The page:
## 7. Discussion

### a. Physical mechanisms

We identify three mechanisms by which stratification influences density-current dynamics. The first concerns the stabilization effect [negative (positive) buoyancy for an upward (downward) displaced parcel], which suppresses the vertical displacement of ambient air lifted by density currents and also cold air within the current. This process is thought to be responsible for the less elevated head upon including a stable stratification in either the lower layer or the upper layer, or throughout the depth of the computational domain.

The second relates to the negative temperature perturbation generated by the adiabatic cooling of the mechanically lifted ambient air in a stratified flow. This can enhance the surface pressure and the horizontal pressure gradient and is favorable for fast propagation of density currents in stratified flow. This mechanism, suggested by the analytic modeling results of Liu and Moncrieff (1996b), is supported by the simulation results. Figure 17 shows the hydrostatically produced surface pressure by the potential temperature perturbation outside the density current (approximately representing the lower bound of the contributions by the adiabatic cooling) for a typical atmospheric static stability *N* = 0.01 s^{−1}. The surface pressure and the buoyancy-generated pressure within the current are also displayed. Note that the pressure associated with the ambient temperature perturbations is due to both mechanical lifting and gravity wave contributions, which are difficult to separate.

The pressure perturbation due to the adiabatic cooling (and heating) is significant in all three cases shown in Fig. 17, but its horizontal distribution is quite different. For the stable lower-layer case (Fig. 17a), the pressure perturbation is concentrated in the head region and gently decreases rearward. A sharp gradient exists near the leading edge, accounting for the enhanced propagation compared to the neutral environment. The accelerating effect of low-level stratification on density currents has been observed (Physick 1976) and numerically simulated (Haase and Smith 1989), but physically interpreted in terms of reduced friction or the channeling effect of the surface-based stable layer. For the neutral lower-layer case (Fig. 17b) and continuously stratified case (Fig. 17c), although the pressure generation associated with adiabatic cooling is a maximum in the vicinity of the head, its effect extends far ahead of the density current. This results in a much more gradual pressure gradient in the neighborhood of the leading edge. The distinct behavior in the stable lower-layer case is attributed to gravity wave trapping.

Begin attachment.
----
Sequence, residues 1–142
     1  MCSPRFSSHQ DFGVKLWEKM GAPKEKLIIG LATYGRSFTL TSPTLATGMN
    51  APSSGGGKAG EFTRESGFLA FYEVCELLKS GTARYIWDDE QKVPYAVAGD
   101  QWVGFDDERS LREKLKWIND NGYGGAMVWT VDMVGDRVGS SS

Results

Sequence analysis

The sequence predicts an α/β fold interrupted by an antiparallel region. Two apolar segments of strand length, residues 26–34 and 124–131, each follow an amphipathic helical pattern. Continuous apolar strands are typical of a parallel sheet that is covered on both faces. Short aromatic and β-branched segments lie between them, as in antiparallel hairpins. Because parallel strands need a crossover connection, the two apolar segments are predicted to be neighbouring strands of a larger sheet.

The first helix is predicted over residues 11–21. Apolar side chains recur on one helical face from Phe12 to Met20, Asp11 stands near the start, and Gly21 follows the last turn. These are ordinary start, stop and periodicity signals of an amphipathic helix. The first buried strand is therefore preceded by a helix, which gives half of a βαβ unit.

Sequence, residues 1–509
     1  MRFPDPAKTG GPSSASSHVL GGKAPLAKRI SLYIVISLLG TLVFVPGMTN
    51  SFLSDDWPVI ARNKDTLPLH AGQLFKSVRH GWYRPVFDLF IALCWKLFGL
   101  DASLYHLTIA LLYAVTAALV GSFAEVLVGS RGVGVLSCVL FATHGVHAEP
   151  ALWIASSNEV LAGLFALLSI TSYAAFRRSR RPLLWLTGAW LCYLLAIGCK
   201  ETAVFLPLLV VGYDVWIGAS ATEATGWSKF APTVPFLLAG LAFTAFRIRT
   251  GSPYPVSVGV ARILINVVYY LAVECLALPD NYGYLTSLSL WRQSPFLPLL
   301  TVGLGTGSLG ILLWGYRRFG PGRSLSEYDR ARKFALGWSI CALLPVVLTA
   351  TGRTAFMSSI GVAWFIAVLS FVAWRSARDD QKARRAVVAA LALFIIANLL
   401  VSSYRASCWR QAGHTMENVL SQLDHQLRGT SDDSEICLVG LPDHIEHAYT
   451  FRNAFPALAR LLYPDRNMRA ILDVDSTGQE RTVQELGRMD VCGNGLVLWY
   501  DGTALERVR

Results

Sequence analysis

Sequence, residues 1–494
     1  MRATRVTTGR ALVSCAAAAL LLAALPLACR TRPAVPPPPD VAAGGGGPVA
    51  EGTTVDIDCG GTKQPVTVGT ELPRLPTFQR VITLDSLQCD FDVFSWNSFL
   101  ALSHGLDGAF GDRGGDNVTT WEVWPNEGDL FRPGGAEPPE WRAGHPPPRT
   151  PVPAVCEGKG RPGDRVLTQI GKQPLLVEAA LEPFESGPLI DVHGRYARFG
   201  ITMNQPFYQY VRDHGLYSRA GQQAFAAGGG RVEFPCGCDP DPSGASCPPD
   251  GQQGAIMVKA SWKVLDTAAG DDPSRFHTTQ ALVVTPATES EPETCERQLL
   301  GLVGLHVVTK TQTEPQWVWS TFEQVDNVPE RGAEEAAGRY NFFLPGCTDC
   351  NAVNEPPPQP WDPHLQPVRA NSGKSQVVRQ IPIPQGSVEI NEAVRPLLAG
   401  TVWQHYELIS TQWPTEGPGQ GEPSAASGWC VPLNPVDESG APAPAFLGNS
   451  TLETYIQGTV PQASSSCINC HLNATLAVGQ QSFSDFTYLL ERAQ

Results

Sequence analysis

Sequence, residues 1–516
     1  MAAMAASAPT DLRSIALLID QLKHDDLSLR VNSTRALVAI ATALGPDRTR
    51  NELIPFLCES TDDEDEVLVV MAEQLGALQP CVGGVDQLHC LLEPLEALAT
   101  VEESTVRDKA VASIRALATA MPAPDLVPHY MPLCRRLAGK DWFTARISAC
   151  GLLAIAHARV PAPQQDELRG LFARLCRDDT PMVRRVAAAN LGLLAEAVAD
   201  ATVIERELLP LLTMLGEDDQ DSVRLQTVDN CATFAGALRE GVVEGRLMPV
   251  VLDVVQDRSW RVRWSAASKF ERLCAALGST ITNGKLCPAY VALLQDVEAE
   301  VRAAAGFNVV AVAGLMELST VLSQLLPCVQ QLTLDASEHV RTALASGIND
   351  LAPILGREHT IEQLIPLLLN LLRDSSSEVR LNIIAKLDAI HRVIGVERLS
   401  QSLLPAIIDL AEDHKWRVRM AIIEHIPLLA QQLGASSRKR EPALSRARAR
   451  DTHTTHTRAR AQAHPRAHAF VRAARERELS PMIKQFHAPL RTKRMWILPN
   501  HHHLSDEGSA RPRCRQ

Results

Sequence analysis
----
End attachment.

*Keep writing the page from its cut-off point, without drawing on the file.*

The third process is related to gravity waves, which produce temperature and pressure perturbations above and ahead of the density current (Fig. 17). Gravity waves affect density currents through energy radiation, but this mechanism does not apply to the stable lower-layer case where the wave trapping occurs. The upward leakage of wave energy can also be blocked if either a low-level jet or an upper-level wind opposing the wave motion is present, or if a midlevel inversion exists (Crook 1988).

### b. Comparison with other studies

The effect of ambient stratification on density currents was investigated analytically by Liu and Moncrieff (1996b). Using a nonlinear steady-state model, they examined how a stable stratification regulates the heights of energy-conserving density currents and their propagation speeds. Herein, the response of density currents flowing from a cold-air reservoir in various stratification scenarios is examined. Although a strict comparison is impractical, the analytical results are consonant with the numerical simulations in many aspects. For instance, both analytical and numerical studies illustrate that a density current is less elevated in the stably stratified environment than in the neutral environment. One difference concerns the influence of stratification on propagation. The analytical study shows that a stable stratification increases the propagation speed, whereas in the numerical modeling this is true only for density currents propagating in a low-level stable layer, and the reverse occurs in the other two cases. In other words, the low-level stratification increases the propagation speed, but the upper-level stratification has the opposite effect. This incongruity could be due to the omission of transient gravity waves in the steady-state analytical model. Because the gravity wave activity is suppressed in the shallow stable-layer case, the energy loss due to gravity wave radiation is prevented. Consequently, the simulation results are consistent with the analytical model.